Short stories of Jack London: authorized one-volume edition, Volume 1990, Part 2

Front Cover
Macmillan, 1990 - Fiction - 738 pages
0 Reviews

From inside the book

What people are saying - Write a review

Short stories of Jack London: authorized one-volume edition

User Review  - Not Available - Book Verdict

London's vital stories, set most frequently in the far Northwest or the Pacific islands, have always been popular but have received little critical attention. This generous selection draws from ... Read full review

Contents

The White Silence
8
In a Far Country
25
An Odyssey of the North
39
Copyright

36 other sections not shown

Common terms and phrases

About the author (1990)

One of the pioneers of 20th century American literature, Jack London specialized in tales of adventure inspired by his own experiences. London was born in San Francisco in 1876. At 14, he quit school and became an "oyster pirate," robbing oyster beds to sell his booty to the bars and restaurants in Oakland. Later, he turned on his pirate associates and joined the local Fish Patrol, resulting in some hair-raising waterfront battles. Other youthful activities included sailing on a seal-hunting ship, traveling the United States as a railroad tramp, a jail term for vagrancy and a hazardous winter in the Klondike during the 1897 gold rush. Those experiences converted him to socialism, as he educated himself through prolific reading and began to write fiction. After a struggling apprenticeship, London hit literary paydirt by combining memories of his adventures with Darwinian and Spencerian evolutionary theory, the Nietzchean concept of the "superman" and a Kipling-influenced narrative style. "The Son of the Wolf"(1900) was his first popular success, followed by 'The Call of the Wild" (1903), "The Sea-Wolf" (1904) and "White Fang" (1906). He also wrote nonfiction, including reportage of the Russo-Japanese War and Mexican revolution, as well as "The Cruise of the Snark" (1911), an account of an eventful South Pacific sea voyage with his wife, Charmian, and a rather motley crew. London's body broke down prematurely from his rugged lifestyle and hard drinking, and he died of uremic poisoning - possibly helped along by a morphine overdose - at his California ranch in 1916. Though his massive output is uneven, his best works - particularly "The Call of the Wild" and "White Fang" - have endured because of their rich subject matter and vigorous prose.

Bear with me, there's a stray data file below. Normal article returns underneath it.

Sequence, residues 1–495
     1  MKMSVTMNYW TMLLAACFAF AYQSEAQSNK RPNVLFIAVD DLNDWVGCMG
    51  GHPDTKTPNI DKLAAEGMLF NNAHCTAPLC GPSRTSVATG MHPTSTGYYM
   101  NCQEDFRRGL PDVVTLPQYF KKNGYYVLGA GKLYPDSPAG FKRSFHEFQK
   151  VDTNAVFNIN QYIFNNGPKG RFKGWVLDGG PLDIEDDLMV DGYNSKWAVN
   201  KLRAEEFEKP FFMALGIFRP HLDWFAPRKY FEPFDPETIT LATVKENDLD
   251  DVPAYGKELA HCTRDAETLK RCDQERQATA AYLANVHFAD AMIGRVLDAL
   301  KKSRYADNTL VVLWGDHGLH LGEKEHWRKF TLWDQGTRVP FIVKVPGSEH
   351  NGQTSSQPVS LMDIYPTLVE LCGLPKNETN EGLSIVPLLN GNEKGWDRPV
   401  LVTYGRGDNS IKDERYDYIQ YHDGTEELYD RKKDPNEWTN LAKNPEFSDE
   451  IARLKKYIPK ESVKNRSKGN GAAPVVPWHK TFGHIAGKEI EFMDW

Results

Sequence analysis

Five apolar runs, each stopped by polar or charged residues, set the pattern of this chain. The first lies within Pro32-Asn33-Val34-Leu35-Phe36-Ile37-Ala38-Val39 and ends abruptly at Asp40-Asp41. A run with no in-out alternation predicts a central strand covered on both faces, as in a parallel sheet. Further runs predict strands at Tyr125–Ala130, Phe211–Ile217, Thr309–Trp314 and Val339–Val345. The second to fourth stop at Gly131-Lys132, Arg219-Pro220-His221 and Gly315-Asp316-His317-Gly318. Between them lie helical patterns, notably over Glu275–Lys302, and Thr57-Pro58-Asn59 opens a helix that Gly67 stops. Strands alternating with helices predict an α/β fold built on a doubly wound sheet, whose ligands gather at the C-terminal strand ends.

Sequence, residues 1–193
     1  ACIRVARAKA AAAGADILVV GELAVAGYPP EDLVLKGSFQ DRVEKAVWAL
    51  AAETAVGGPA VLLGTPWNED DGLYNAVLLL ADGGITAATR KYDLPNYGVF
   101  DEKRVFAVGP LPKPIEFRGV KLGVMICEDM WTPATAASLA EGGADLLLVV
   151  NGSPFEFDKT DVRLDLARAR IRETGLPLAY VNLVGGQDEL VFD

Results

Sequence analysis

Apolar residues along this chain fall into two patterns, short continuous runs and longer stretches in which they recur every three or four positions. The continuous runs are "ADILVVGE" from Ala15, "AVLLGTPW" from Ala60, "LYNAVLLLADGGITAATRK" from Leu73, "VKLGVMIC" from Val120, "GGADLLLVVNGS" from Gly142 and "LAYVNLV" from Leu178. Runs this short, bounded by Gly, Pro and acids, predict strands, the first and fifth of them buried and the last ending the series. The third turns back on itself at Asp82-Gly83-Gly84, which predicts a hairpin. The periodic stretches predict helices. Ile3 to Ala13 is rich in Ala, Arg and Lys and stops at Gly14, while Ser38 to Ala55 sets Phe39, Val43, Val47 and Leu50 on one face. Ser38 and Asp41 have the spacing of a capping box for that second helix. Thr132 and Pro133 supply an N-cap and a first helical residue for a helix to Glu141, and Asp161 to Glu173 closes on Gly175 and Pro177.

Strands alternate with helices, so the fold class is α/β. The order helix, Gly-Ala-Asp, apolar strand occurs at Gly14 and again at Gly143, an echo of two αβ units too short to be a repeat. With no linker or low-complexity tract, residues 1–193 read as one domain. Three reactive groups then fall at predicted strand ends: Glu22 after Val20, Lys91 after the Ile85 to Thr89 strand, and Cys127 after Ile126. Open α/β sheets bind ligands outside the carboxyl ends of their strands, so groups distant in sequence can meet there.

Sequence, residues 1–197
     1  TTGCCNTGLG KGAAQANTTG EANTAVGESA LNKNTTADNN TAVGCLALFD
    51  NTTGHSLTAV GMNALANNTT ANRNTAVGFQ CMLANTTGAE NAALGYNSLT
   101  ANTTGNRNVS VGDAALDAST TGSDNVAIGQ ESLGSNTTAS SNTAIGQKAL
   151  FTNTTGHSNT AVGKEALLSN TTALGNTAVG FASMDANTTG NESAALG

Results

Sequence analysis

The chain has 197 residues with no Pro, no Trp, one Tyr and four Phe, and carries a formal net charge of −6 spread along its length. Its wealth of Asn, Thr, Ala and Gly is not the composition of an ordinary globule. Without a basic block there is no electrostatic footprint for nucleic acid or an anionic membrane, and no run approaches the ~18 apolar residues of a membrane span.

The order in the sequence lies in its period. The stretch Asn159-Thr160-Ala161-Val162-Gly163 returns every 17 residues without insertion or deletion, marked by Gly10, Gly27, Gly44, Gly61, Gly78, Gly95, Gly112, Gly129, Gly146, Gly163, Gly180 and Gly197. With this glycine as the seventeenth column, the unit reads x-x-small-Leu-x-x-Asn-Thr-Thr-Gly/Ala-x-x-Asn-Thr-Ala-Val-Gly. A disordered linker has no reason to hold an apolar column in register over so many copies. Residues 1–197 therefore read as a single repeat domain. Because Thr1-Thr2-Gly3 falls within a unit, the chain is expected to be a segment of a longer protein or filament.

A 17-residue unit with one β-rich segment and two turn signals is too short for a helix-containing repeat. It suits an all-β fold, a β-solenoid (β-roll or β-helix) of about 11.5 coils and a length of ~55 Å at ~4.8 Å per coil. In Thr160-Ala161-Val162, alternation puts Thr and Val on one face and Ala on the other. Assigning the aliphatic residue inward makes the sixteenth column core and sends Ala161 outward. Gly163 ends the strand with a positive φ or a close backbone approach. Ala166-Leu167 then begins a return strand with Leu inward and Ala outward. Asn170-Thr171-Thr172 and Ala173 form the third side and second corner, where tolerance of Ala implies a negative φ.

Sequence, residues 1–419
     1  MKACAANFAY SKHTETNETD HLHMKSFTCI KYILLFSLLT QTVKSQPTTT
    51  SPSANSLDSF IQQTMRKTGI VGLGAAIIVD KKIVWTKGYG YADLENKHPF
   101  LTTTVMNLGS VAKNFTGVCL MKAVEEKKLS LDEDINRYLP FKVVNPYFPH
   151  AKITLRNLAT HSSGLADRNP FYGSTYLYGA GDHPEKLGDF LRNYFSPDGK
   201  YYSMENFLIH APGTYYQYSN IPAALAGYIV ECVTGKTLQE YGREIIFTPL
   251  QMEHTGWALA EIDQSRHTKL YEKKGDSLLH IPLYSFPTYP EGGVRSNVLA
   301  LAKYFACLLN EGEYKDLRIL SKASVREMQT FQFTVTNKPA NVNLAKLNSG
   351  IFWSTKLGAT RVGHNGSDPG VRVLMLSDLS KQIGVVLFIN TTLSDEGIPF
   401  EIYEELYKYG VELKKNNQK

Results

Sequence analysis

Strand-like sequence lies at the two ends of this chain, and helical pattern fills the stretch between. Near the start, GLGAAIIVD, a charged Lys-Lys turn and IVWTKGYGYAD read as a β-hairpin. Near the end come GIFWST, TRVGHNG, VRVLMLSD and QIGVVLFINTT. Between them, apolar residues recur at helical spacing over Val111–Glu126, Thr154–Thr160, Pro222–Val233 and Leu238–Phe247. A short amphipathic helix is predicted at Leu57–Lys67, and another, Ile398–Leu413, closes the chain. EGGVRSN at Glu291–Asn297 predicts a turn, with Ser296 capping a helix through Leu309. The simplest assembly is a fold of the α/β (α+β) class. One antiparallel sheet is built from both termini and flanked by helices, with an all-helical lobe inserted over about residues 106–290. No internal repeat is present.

Leitz is Professor of English and Curator of the James Smith Noel Collection at Louisiana State University in Shreveport.

Bibliographic information